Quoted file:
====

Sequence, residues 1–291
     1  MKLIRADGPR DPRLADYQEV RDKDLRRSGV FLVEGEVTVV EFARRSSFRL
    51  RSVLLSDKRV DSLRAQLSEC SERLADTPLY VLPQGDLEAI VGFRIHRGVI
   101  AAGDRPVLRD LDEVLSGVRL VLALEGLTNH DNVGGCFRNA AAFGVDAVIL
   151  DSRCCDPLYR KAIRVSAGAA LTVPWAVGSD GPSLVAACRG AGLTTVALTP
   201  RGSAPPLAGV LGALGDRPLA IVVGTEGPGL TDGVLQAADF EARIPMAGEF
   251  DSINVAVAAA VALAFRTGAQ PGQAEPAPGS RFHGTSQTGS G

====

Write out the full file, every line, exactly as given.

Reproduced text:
Sequence, residues 1–291
     1  MKLIRADGPR DPRLADYQEV RDKDLRRSGV FLVEGEVTVV EFARRSSFRL
    51  RSVLLSDKRV DSLRAQLSEC SERLADTPLY VLPQGDLEAI VGFRIHRGVI
   101  AAGDRPVLRD LDEVLSGVRL VLALEGLTNH DNVGGCFRNA AAFGVDAVIL
   151  DSRCCDPLYR KAIRVSAGAA LTVPWAVGSD GPSLVAACRG AGLTTVALTP
   201  RGSAPPLAGV LGALGDRPLA IVVGTEGPGL TDGVLQAADF EARIPMAGEF
   251  DSINVAVAAA VALAFRTGAQ PGQAEPAPGS RFHGTSQTGS G